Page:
October 17, 2017

Brave Like Them Review – Punk, Passionate, and Progressive

(left to right) Ben Flores, Jimbo Pestano and Kyla Norton in About Face Youth Ensemble Theatre’s world premiere of BRAVE LIKE THEM, co-directed by Ali Hoefnagel and Kieran Kredell
(left to right) Ben Flores and Jimbo Pestano in About Face Youth Ensemble Theatre’s world premiere of BRAVE LIKE THEM

The riot grrrl movement of the 1990s is hardly familiar territory for contemporary teenagers and young adults; modern social justice movements have taken on a different shape and focus than this punk rock, “girls to the front”-centered subculture. Though only two decades old, riot grrrl aesthetics and values already feel dated, and this is the theme explored in About Face Theatre Youth Ensemble’s new devised work, Brave Like Them, co-directed by AFT Education and Outreach Director Ali Hoefnagel and Education Coordinator Kieran Kredell.

(left to right) Jude Gordon, Ben Flores, Kyla Norton and Jimbo Pestano in About Face Youth Ensemble Theatre’s world premiere of BRAVE LIKE THEM

Created and performed by LGBTQIA+ youth, this world premiere production features an ensemble of diverse performers who act, sing, and mosh their way through an exploration of the feminism of the previous generation. The story centers on Danni, a high school student and writer who becomes involved first in the riot grrrl movement itself and then in a counter-movement that criticizes riot grrrl’s focus on cis, white, heterosexual women.

(center) Lil McGrady and Ensemble in About Face Youth Ensemble Theatre’s world premiere of BRAVE LIKE THEM

The About Face Theatre Youth Ensemble is a remarkably talented group of young people, with a clear passion for both their art form and for improving the world they live in. Mia Vivens is sweet and moving as mother character Lydia Foster, displaying remarkable maturity in the maternal role. Jimbo Pestano is warmly charismatic as punk rock singer and revolutionary Coe; Sandy Nyugen balances angst and likeability in the character of Sam; and Kyla Norton makes for a strong center as the story’s protagonist, Danni. But the best performance of the show by far is that of Sharon Pasia as the record store owner; her delivery of the character’s weird, spaced-monologues and hilarious one-liners is the comedic heart of the show.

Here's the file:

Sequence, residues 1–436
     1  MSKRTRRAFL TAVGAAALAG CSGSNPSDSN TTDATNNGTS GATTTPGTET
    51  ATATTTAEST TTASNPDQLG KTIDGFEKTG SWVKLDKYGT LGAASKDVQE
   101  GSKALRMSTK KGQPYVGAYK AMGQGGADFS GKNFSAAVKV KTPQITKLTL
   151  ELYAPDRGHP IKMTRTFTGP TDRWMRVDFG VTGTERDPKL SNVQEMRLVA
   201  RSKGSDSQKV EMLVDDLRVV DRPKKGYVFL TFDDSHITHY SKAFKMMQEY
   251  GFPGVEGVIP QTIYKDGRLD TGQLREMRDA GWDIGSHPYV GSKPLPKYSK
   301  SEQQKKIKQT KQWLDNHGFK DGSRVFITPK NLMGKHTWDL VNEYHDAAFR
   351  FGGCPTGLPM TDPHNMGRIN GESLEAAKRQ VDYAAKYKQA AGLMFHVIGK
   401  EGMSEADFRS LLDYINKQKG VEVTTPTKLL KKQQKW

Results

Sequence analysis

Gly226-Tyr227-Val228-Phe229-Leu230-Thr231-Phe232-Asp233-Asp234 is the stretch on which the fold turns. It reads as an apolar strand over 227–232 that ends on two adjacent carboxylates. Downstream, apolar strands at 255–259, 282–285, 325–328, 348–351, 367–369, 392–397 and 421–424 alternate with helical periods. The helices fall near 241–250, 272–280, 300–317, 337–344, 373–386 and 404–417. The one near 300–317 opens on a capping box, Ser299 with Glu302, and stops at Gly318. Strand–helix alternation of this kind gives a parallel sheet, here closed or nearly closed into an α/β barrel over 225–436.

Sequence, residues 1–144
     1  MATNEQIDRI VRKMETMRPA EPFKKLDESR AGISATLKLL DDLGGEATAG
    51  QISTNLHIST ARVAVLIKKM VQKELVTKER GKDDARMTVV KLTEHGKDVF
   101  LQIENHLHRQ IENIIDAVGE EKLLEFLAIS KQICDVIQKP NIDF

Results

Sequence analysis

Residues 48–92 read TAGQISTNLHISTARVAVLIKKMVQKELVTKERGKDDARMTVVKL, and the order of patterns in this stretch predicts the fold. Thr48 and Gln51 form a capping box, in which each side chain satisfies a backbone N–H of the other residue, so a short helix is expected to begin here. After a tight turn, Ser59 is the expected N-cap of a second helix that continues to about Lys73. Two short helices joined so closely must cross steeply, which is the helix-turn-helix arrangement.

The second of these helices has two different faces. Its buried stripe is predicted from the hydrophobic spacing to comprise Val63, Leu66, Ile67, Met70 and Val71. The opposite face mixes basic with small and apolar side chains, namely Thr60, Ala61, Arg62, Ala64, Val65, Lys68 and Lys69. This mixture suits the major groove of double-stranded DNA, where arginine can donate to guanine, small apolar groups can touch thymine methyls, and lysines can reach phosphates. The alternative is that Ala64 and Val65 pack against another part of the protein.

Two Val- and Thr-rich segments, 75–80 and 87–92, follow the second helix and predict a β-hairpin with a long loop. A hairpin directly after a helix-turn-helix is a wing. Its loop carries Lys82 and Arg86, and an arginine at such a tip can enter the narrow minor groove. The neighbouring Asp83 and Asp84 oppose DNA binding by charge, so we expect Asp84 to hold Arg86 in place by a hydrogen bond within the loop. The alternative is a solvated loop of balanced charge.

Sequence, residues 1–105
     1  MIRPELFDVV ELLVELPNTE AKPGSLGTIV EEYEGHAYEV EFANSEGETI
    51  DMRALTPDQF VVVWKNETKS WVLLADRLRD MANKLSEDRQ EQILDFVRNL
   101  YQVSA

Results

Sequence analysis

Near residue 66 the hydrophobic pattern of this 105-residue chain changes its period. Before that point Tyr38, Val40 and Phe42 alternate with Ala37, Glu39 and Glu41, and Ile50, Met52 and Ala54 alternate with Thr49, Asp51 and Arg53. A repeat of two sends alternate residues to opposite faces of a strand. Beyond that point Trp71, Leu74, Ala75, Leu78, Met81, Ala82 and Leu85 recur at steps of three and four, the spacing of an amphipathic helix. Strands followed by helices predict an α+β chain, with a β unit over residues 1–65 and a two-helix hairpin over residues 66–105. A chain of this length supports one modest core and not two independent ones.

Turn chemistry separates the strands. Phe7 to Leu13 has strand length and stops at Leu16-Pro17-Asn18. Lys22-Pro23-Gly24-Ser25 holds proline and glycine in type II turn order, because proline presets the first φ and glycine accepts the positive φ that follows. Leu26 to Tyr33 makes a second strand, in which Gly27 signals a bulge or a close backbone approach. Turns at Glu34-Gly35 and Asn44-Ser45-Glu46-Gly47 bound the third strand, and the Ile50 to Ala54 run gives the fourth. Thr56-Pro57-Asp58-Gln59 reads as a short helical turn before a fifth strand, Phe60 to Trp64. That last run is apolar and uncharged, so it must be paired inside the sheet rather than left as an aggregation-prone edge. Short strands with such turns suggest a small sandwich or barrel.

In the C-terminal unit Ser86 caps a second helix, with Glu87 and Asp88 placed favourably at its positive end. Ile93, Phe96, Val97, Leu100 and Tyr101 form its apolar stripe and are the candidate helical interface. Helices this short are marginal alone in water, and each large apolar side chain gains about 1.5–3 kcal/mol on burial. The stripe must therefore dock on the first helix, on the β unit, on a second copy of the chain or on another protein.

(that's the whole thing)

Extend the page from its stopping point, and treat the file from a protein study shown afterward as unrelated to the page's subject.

(left to right) Sharon Pasia and Kyla Norton in About Face Youth Ensemble Theatre’s world premiere of BRAVE LIKE THEM

The script’s biggest weakness is a tendency toward preachiness. The play’s thesis statement is a good and important one: feminism/social justice that is not inclusive of all intersections of marginalized identities is ultimately unproductive. The trouble is that it’s a play with a clear thesis statement. In many ways, the genderqueer Coe and their trans bandmates, Chris and Noa, represent the Youth Ensemble itself, having a frustrated one-way conversation with the cis, white, middle-class riot grrrls.

(left to right) Jude Gordon, Ben Flores and Sandy Nguyen in About Face Youth Ensemble Theatre’s world premiere of BRAVE LIKE THEM

In a bizarre twist, the refreshing racial diversity of the Youth Ensemble muddies the story. Coe and later Danni complain of the lack of minority representation among the riot grrrls, but the two characters who serve as the primary connection to the movement (Sam and Jamie) are both played by women of color, and Noa and Chris are both white, making the racial breakdown of the two groups pretty equivalent.

(left to right) Jude Gordon, Jimbo Pestano and Ben Flores in About Face Youth Ensemble Theatre’s world premiere of BRAVE LIKE THEM

Admittedly, the script does save itself from some of these shortcomings in Act 2, in which two of the riot grrrls get to have their say; Jamie explains how the movement fulfills her desperate need for a sense of safety and belonging, and, in one of the most fascinatingly complex moments of the script, Sam declares that she chooses to focus on her identity as a woman at the cost of her identities as a queer person and a person of color. With these moments, the story manages to avoid becoming intolerably sanctimonious, in spite of some fairly heavy-handed dialogue, which seems the mark of inexperience more than anything else.

(left to right) Ben Flores and Jimbo Pestano in About Face Youth Ensemble Theatre’s world premiere of BRAVE LIKE THEM

The show features some fun design elements; costume designer Jeanine Fry brings the riot grrrl aesthetic to vivid and glamorous life with leather, safety pins and colorful hair extensions. Set design by Scott Penner is also great fun, with grungy neon posters and lockers creating a lot of atmosphere with only a few elements.

Brave Like Them is a smart, fun piece of theatre. In spite of crossing over into preachy territory at times, the characters and story are compelling, and the message at its heart is one worth hearing. The About Face Youth Ensemble have created something to be proud of.

 

Ticket Information

Location: Pride Arts Center (The Buena), 4147 N. Broadway, Chicago

Regular run: Saturday, July 29 – Sunday, August 6, 2017

Curtain Times: Wednesday, Thursday, Friday & Saturday at 7 pm; Sunday at 3 pm

Tickets: $20 or Pay-What- You Can. No one will be turned away for lack of funds. Tickets are currently available at the About Face Theatre website or by calling (773) 784-8565.

All photos by Emily Schwartz.

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